NCP and council £600k in car parks dispute

NCP believes it is owed �600,000 from Worthing Borough Council
NCP believes it is owed �600,000 from Worthing Borough Council

A LEGAL dispute has arisen between NCP and Worthing Borough Council after the parking company claimed it was owed £600,000 in compensation.

NCP would not discuss the legal claim, but the council said it related to the introduction of revised short-stay parking tariffs, which were first introduced in Worthing’s car parks in November, 2009, for what it asserts was a 12-month trial.

At the time, cabinet members agreed to pay for half of the losses the NCP would incur during the year-long period.

However, council leader Paul Yallop said NCP was claiming compensation for the full four-and-a-half-years since the parking was introduced.

News of the legal claim comes less than two months after the council decided not to renew NCP’s contract for Worthing’s car parks, which had been in place for the last 10 years.

Cllr Paul Yallop, Worthing Borough Council leader, said: “I am extremely disappointed our relationship with NCP is ending acrimoniously.

“I had meetings with the chief executive of NCP when this was agreed and it was all very clear what we were talking about at the time, but now they’re saying something very different. I just can’t believe it. It’s tax-payer money and it’s not acceptable at all.

“We are making every effort to protect taxpayer money and are seeking to resolve the matter with NCP.”

The trial 30, 60 and 90-minute parking tariffs were first introduced in November, 2009, on the back of complaints about the £2.90 minimum charge to use Worthing’s car park for two hours.

Because of the financial loss the trial was expected to cause the NCP, council members agreed to pay half the cost of this loss for the 12-month period, up to £152,000.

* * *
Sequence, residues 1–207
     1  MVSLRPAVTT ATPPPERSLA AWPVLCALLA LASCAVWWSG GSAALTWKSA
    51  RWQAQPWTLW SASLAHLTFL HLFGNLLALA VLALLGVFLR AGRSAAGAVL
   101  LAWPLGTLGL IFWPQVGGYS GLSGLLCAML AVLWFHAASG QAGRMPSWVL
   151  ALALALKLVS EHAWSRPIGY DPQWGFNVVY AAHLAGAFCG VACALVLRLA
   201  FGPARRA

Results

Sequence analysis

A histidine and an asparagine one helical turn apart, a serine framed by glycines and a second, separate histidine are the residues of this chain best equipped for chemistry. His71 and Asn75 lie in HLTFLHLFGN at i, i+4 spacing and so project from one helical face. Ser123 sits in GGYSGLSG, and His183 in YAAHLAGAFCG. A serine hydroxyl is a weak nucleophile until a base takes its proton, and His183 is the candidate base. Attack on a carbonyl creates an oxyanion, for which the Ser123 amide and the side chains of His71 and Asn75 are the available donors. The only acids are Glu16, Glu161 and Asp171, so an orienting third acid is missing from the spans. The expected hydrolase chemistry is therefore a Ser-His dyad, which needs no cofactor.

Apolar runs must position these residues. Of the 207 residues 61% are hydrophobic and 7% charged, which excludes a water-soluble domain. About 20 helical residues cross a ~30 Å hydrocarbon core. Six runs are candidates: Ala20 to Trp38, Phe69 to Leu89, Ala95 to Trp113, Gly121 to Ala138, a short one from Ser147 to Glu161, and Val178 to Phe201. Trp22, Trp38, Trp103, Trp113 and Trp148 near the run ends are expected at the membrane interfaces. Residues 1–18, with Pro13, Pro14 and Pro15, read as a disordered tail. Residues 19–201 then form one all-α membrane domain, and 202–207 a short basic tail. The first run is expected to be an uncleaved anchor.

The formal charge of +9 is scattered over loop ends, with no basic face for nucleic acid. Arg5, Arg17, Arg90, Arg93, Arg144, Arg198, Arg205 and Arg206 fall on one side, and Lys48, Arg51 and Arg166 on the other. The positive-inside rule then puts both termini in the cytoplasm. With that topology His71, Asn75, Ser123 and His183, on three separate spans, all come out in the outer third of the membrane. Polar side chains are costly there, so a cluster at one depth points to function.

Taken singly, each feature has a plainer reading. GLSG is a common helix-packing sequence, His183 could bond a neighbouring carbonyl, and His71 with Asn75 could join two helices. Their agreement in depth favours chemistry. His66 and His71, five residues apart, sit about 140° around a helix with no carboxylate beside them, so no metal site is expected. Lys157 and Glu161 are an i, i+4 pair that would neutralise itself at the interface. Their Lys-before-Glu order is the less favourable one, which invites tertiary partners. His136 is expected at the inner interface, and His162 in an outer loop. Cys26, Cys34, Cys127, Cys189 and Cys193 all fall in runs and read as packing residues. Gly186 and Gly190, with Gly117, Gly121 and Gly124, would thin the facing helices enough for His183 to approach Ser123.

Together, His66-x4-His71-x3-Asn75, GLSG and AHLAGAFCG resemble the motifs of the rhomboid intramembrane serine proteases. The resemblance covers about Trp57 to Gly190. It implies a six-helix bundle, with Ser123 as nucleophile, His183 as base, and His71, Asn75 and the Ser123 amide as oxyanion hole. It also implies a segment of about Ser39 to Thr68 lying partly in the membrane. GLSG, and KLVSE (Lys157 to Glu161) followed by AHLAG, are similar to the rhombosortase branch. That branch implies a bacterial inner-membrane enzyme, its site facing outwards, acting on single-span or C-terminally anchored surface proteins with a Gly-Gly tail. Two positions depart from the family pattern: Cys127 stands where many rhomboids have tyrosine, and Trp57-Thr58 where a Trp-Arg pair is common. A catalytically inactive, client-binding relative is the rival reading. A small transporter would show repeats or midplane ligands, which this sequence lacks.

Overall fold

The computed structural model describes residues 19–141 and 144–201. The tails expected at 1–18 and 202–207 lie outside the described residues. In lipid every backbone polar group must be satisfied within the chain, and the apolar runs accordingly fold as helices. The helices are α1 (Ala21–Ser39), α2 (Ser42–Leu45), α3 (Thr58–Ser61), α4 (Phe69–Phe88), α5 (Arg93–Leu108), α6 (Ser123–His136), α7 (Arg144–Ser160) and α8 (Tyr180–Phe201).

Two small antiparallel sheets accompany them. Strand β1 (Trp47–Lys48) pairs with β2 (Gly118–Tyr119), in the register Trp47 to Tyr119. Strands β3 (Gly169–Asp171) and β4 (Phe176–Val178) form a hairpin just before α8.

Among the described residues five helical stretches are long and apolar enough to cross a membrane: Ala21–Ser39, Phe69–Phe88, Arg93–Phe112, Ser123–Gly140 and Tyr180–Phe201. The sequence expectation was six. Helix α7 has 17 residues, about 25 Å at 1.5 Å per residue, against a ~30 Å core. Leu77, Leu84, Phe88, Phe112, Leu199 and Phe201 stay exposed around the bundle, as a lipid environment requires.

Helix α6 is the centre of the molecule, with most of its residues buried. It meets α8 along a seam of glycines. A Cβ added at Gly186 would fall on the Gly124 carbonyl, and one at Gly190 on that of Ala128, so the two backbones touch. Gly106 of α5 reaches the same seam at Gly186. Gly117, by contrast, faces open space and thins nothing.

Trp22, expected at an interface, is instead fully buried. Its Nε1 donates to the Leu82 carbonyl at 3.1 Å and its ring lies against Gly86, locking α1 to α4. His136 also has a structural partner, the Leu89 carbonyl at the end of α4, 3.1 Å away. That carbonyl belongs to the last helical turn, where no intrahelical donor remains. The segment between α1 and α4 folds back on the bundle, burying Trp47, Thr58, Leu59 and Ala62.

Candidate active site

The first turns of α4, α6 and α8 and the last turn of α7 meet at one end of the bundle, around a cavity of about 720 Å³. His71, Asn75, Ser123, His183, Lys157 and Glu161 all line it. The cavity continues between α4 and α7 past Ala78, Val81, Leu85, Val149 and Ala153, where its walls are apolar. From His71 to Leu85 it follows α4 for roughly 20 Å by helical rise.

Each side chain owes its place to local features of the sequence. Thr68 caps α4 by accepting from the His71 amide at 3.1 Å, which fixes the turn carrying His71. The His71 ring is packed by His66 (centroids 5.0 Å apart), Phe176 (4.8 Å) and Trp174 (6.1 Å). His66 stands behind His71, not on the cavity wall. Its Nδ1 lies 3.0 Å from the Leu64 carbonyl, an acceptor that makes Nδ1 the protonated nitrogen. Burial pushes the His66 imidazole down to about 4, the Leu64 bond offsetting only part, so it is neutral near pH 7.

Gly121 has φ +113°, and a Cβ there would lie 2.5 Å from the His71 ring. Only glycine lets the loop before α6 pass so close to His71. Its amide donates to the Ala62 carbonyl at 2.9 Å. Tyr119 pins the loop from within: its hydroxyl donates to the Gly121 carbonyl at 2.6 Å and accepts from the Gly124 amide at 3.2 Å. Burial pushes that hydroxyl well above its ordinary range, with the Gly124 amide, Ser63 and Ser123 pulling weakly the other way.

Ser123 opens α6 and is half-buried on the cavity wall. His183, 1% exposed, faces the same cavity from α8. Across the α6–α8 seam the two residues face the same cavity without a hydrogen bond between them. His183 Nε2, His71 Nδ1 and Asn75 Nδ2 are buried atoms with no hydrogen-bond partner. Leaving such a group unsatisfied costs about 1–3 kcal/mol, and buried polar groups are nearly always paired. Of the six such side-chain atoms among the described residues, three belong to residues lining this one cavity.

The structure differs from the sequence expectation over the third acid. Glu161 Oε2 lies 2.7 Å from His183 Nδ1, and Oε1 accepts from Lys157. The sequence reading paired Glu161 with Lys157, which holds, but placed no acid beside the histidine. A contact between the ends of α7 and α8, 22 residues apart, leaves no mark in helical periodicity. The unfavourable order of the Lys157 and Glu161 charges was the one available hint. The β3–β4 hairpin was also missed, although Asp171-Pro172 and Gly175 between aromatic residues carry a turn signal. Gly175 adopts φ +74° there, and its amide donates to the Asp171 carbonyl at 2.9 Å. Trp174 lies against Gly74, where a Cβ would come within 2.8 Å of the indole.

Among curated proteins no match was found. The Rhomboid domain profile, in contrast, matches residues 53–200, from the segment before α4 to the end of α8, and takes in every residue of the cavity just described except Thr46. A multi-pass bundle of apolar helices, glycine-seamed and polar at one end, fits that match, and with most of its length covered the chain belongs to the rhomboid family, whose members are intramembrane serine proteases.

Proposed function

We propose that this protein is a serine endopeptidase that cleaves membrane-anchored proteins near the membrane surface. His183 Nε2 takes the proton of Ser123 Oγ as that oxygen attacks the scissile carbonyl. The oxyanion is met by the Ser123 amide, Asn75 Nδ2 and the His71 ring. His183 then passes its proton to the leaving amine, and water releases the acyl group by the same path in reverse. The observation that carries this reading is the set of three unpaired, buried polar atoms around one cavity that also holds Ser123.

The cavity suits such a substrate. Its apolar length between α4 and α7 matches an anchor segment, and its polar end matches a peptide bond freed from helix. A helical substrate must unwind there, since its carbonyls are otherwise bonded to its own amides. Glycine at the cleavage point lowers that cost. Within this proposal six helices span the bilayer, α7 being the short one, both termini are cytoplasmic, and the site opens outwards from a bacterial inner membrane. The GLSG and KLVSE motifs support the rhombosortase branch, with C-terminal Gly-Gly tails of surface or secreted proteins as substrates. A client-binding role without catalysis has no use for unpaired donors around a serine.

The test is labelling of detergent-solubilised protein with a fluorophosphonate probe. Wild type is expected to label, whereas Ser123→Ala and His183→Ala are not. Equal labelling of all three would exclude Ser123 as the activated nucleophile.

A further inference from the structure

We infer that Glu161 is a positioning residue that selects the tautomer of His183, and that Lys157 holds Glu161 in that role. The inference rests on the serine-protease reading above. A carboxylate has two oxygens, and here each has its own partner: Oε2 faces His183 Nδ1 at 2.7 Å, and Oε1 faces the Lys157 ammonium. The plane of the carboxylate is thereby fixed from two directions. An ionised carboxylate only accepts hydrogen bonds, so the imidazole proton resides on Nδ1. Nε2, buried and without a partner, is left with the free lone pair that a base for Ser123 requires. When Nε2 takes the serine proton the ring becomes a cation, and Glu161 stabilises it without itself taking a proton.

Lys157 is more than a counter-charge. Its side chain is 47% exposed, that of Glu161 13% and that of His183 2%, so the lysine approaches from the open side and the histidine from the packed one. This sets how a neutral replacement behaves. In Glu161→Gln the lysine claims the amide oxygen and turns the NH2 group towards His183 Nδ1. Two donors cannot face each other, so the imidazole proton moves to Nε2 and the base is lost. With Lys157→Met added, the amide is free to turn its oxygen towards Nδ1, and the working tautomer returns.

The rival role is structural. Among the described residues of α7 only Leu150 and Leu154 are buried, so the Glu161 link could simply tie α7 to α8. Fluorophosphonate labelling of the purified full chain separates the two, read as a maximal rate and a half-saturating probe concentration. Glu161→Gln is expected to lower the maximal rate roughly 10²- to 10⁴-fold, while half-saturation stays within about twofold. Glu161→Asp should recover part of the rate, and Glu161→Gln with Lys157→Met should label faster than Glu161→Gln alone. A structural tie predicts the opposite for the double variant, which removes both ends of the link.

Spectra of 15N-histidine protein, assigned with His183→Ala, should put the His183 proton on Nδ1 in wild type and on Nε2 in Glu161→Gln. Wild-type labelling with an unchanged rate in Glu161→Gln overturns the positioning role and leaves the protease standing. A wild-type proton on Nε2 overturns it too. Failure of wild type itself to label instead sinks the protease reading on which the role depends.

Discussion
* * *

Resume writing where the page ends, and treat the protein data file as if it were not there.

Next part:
The council asserts the compensation it owed was for that year alone – something NCP disputes.

An NCP spokeswoman said: “We do not believe it is appropriate or usual for legal disputes to be litigated through the press.

“This matter is currently subject to legal proceedings and NCP is not therefore able to make a public response through the media. We have every confidence in leaving this matter with the courts to resolve.”

The decision to bring parking back in-house followed impassioned pleas by traders calling on the council to bring parking tariffs in line with other towns in Sussex.

However, Cllr Alan Rice, leader of Worthing’s Liberal Democrats, said the council “doesn’t appear to be able to read a simple legal document and understand its content”.

Mr Yallop said he would now contact the Local Government Association to see if other local authorities had faced similar problems with NCP.

He will also call on help from the area’s MPs.

Details of the council’s planned parking arrangements have not been finalised, but it is understood there will be a significant reduction to the tariffs.

Under the new plans, the council will regain control of Worthing’s car parks from April, 2014.